7. If you are a serious Nintendo game player,
you must get a top loading Nintendo. It will set you back about $50.00,
but it is worth every penny!
8. A good way to break down the Nintendo
rarity list to match the classic game lists is as follows:
A+ to A rating would be equal to an ER
A- to B+ rating would be equal to a Rare or lower level ER.
B to B- rating would be equal to a Uncommon or lower level
C+ to C rating would be equal to a lower level Uncommon.
C- to F rating would be equal to a common.
9. Multicarts do not have any real collector
value. They were made in abundance overseas and as one collector who
frequently visits Japan told me "They are as plentiful over there as
Super Mario 3 is over here (for anyone who doesn't know, Super Mario 3
is the biggest selling game of all time, over 8 million copies sold in
the USA alone).
While they aren't a worthwhile investment
(not that games should ever be considered an investment), they are great
additions to a collection. It gives you an opportunity to play some
games that were never released in the states. Great classics like Space
Invaders, Pooyan and Arabian, lots of shooters and other odd games.
When purchasing a multicart, you could pay about a $1.00-$2.00 per game
for the games you actually want on the cart. If you get a 76-in1 cart,
there may only be 20 games on the cart you actually want. So you should
pay about $20.00-$40.00 for it.
Also keep in mind that many multicarts are
made up of only a few games. It may say 1000 games, but it is actually
10 games with 100 versions of each game. Most are nothing more than the
character being a different color or the game being a little faster.
Try to get an accurate list of the games on the cart.
One last thing to keep in mind is some
multicarts need a converter to play them. Some have it built in and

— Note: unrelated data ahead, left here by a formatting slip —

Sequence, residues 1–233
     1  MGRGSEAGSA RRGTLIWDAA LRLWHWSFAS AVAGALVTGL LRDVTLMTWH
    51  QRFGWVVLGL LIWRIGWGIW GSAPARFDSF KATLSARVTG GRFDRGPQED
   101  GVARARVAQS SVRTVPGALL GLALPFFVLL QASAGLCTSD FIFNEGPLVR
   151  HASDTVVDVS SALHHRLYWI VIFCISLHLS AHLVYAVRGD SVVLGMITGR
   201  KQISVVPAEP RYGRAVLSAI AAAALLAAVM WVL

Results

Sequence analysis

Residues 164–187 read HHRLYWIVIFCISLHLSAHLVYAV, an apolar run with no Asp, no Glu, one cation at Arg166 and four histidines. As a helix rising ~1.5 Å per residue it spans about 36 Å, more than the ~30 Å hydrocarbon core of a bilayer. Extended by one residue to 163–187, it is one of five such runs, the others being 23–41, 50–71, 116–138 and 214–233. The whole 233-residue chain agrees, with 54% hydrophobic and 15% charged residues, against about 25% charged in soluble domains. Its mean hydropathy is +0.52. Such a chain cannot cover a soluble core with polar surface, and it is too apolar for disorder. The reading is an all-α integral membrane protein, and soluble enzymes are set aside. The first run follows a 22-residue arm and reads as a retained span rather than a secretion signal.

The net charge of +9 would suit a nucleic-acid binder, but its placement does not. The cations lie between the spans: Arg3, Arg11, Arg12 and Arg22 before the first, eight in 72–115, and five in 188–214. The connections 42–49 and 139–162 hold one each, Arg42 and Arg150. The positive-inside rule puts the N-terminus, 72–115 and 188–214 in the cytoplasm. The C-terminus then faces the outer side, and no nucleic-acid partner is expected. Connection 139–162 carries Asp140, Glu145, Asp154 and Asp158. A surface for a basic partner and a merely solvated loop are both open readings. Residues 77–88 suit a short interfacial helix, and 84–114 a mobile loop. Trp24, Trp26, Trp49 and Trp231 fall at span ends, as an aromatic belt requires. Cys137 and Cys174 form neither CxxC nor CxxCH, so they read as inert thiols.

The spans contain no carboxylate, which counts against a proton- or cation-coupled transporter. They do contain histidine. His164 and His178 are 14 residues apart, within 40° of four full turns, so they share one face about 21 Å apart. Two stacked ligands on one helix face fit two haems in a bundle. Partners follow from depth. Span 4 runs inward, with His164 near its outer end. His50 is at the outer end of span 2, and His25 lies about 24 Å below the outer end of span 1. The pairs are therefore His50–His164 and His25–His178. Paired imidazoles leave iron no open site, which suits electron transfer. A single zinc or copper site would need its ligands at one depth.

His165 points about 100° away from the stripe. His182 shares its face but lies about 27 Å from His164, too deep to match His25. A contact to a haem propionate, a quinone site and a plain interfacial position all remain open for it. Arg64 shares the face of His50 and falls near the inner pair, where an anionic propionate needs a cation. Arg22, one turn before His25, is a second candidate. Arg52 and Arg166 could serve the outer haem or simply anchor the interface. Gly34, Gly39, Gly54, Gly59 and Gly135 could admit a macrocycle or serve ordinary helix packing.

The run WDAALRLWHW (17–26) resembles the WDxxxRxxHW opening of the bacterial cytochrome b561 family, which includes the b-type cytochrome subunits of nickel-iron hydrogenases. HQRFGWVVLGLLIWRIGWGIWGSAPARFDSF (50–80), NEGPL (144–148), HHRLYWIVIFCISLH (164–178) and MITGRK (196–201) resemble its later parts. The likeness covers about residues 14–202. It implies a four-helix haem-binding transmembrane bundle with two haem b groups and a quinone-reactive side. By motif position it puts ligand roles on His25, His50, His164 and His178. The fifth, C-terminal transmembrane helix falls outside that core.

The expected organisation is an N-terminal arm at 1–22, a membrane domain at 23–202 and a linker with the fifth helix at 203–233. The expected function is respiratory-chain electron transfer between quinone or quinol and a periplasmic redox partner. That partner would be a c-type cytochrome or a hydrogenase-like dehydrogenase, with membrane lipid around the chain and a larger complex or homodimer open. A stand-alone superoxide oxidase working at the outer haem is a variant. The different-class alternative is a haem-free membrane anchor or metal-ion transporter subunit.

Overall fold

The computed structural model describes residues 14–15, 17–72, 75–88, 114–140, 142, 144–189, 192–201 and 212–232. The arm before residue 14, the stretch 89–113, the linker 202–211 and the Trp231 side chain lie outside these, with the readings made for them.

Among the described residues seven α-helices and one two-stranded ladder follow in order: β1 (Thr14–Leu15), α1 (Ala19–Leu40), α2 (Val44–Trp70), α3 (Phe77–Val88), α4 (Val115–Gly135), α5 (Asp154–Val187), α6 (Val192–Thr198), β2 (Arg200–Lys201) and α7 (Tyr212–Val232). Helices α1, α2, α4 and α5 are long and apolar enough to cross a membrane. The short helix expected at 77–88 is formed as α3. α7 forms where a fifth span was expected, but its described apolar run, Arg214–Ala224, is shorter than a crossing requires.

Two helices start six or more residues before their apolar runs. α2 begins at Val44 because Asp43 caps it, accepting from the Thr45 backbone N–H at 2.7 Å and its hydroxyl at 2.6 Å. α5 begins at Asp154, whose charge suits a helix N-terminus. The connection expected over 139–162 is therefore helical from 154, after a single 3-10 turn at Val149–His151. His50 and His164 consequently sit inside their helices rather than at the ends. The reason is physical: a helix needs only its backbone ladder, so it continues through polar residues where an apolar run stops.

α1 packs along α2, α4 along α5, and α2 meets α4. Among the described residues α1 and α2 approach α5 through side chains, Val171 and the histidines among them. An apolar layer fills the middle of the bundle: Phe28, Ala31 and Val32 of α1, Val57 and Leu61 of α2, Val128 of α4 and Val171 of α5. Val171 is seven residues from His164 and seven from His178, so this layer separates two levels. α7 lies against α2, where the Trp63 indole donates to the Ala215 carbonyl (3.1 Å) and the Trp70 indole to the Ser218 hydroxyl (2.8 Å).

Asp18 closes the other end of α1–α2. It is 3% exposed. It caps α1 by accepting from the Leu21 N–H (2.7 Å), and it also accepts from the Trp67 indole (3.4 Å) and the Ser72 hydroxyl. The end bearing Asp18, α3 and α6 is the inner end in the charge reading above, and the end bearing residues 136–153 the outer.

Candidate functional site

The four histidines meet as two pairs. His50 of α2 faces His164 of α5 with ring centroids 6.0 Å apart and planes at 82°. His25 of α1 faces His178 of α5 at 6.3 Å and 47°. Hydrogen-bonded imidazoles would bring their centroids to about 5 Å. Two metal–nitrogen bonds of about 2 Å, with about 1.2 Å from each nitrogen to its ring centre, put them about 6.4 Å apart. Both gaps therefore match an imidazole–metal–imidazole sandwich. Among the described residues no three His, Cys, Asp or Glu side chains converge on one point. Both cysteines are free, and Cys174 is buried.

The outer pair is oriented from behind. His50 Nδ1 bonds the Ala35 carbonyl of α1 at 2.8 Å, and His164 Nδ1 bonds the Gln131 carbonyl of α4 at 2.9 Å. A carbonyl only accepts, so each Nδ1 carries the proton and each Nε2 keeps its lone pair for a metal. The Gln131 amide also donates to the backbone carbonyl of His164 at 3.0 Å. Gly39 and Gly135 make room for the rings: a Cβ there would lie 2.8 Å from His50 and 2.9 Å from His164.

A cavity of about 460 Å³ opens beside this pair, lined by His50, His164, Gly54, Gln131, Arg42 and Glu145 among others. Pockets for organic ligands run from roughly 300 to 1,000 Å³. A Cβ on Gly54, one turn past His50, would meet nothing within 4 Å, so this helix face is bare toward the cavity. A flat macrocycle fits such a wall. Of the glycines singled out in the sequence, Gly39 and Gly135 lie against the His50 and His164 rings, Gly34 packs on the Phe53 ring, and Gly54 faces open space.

others don't. The converter is called a Honey Bee converter and you may
want to see if you need one before buying it. If it does need one,
check to see if it comes with one. Without it, you cannot play the
games and the cart will be useless to you.
10. Some good sources for finding Nintendo
-Flea Markets (prices range from as low
as $0.50 to as high as $10.00 a cart. Shop around and make sure
another dealer isn't selling the cart for less.
-Garage Sales-People are dumping them like crazy as the kids
have moved on to N64 or Playstation.
-Used Game Stores-Places like Funcoland and Video Game Exchange
still carry them and many times you can find them cheap!
-Video Stores-While the Blockbusters have dumped their games,
many of the smaller video stores still have them in stock. I have
found quite a few this way.
11. Interest is growing in the non-cart
collectibles. Things like the Nintendo Power Magazines and especially
the earlier, Nintendo Fun Club are rising in price (a first issue of
Nintendo Fun Club recently sold for $85.00). Also, some of the
accessories are gaining in interest, especially the ROB the Robot and
the Miracle Piano.
One of the best places to find Nintendo games is ebay. Click below to